A second ‘authoritarian’ Trump term could kill democracy in the US: conservative

A second ‘authoritarian’ Trump term could kill democracy in the US: conservative
President of the United States Donald Trump speaking with supporters at a "Keep America Great" rally at Arizona Veterans Memorial Coliseum in Phoenix, Arizona. Credit: Gage Skidmore

A wide range of Joe Biden supporters — from liberals and progressives to centrist Democrats to Never Trump conservatives — have been warning that as much of a nightmare as Donald Trump's presidency has been so far, a second term would be much worse. One of the right-wing Never Trumpers who has been sounding the alarm is journalist David Frum, who was a supporter of President George W. Bush during the 2000s but is rooting for former Vice President Biden in 2020. In an article published by The Atlantic on October 14, Frum warns that a second Trump term could push the U.S. into full-fledged authoritarianism.

"The most important ballot question in 2020 is not Joe Biden versus Donald Trump, or Democrat versus Republican," Frum explains. "The most important question is: will Trump get away with his corruption — will his crooked and authoritarian tactics succeed? If the answer is yes, be ready for more. Much more."

Frum is hoping that Trump loses on Tuesday, November 3 not because he is deeply in love with the Democratic Party platform, but because he considers Trump so dangerous.

"As we near the 2020 vote," Frum notes, "the Trump Administration is attempting to cripple the Postal Service to alter the election's outcome. The president has successfully refused to comply with subpoenas from congressional committees chaired by members of the opposing party. He has ignored ethics guidelines, junked rules on security clearances, and shut down two counterintelligence investigations of his Russian business links — one by the FBI, the other by Special Counsel Robert Mueller. He has assigned prison police and park police to new missions as street enforcers, bypassing the National Guard and the FBI."

Trump, according to Frum, has corrupted much of the Republican Party.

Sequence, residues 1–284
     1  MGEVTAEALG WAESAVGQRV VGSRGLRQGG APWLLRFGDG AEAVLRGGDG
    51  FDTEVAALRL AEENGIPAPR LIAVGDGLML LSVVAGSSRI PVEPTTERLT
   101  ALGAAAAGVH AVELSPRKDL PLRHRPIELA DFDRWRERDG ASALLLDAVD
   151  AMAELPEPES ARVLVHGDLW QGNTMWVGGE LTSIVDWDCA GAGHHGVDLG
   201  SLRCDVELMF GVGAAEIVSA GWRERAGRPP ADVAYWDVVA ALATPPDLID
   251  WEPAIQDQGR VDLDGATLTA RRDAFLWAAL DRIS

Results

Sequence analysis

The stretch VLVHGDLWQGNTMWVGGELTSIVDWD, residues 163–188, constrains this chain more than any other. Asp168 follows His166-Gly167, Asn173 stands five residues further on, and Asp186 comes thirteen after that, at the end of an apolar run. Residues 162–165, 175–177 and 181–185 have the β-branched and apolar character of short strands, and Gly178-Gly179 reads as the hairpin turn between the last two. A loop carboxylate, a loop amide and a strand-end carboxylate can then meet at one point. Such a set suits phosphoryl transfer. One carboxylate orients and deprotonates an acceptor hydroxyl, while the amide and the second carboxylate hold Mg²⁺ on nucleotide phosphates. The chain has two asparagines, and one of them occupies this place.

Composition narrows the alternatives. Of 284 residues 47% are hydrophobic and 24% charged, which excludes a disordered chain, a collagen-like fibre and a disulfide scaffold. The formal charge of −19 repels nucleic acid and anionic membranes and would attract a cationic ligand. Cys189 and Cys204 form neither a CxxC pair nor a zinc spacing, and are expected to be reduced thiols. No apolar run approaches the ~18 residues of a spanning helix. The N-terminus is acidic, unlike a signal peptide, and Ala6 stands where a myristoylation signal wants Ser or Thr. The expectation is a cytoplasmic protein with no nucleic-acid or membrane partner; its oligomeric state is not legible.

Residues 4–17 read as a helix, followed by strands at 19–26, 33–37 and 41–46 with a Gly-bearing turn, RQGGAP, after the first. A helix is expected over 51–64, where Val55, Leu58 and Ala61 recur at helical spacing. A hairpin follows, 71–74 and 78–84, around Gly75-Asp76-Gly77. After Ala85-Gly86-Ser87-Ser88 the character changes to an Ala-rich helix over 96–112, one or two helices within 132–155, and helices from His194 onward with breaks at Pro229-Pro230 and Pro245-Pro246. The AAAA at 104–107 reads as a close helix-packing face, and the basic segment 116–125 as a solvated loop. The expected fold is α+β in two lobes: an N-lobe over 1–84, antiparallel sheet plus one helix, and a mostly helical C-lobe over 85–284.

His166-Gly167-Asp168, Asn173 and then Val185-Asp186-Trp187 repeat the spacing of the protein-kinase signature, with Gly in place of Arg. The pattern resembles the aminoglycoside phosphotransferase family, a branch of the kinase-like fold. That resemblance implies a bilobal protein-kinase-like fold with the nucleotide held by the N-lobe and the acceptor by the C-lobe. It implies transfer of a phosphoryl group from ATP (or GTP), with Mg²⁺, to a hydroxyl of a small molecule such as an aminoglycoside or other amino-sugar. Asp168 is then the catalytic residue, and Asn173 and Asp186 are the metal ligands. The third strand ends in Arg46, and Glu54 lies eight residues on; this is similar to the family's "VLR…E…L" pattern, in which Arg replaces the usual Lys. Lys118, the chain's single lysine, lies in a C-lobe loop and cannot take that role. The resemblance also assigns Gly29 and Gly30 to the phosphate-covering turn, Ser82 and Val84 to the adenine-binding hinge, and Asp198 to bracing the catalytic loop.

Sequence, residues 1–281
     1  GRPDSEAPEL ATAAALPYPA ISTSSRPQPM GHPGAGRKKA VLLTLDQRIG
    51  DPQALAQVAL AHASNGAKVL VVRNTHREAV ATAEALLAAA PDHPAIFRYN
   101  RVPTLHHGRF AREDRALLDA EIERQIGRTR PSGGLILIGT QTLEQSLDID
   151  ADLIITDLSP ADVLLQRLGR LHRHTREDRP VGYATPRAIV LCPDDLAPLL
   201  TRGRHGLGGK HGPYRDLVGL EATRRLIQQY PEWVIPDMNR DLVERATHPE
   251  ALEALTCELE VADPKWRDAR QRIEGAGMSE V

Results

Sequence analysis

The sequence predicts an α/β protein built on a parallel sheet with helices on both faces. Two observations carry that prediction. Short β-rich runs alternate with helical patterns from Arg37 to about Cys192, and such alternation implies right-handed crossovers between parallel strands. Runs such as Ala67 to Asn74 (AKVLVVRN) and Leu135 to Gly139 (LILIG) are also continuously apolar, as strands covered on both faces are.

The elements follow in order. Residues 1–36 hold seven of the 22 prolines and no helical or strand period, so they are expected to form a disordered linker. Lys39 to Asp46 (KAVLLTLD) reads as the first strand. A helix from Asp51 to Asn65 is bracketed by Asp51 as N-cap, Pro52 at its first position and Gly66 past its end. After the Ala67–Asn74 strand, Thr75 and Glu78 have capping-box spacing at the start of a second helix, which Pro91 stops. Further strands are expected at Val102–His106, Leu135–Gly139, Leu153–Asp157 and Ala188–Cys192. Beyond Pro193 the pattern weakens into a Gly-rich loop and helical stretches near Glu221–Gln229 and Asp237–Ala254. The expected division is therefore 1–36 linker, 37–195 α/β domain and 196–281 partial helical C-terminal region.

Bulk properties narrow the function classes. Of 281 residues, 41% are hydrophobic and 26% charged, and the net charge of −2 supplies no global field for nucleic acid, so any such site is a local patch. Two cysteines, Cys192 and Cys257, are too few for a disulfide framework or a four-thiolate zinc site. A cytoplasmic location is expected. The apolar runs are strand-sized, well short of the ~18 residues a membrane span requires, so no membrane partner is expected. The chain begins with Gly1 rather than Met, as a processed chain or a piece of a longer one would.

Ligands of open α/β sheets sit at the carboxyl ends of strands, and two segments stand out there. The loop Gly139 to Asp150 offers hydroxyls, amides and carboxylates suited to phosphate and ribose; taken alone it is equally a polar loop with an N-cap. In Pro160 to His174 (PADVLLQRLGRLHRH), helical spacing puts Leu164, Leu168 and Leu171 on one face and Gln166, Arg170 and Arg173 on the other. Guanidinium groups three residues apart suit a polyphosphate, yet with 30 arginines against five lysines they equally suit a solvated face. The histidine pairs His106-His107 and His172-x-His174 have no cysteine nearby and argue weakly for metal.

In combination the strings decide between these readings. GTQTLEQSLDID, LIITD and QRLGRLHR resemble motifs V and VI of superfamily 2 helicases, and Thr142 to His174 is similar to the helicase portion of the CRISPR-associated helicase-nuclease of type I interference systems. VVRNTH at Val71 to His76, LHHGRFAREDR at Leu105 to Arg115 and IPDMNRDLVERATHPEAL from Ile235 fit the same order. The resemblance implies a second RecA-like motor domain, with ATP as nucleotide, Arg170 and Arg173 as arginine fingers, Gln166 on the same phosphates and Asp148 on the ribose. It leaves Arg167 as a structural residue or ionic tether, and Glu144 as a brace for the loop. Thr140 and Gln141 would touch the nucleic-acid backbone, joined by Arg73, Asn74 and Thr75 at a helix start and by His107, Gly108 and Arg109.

The conservative journalist recalls, "Perhaps the most consequential change Trump has wrought is in the Republican Party's attitude toward democracy. I worked in the administration of George W. Bush, who was the first president since the 1880s to win the Electoral College despite losing the popular vote. Bush recognized this outcome as an enormous political problem. After the Supreme Court ruled in his favor, on December 13, 2000, the president-elect promised to govern in a bipartisan and conciliatory fashion…. You may believe that Bush failed in that promise, but he made that promise because he recognized a problem. Two decades later, Trump has normalized the minority rule that seemed so abnormal in December 2000."

Trump's authoritarianism, Frum warns, is evident in his willingness to "incite violence."

According to Frum, "Political violence has become central to Trump's message. He wants more of it…. Trump's appeal is founded on a racial consciousness and a racial resentment that have stimulated white racist terrorism in the United States and the world, from the New Zealand mosque slaughter — whose perpetrator invoked Trump — to the Pittsburgh synagogue murders to mass shootings in El Paso, Texas, and Gilroy, California. In recent weeks, political violence has caused those deaths in Kenosha and Portland. A second Trump term will only incite more such horror."

Frum wraps up his article by stressing that in the United States, democracy itself is on the line this election year.

"Voters in 2020 will go to the polls in the midst of a terrible economic recession, with millions out of work because of Trump's mishandling of the coronavirus pandemic," Frum writes. "But the country is facing a democratic recession too, a from-the-top squeeze on the freedom of ordinary people to influence their government."

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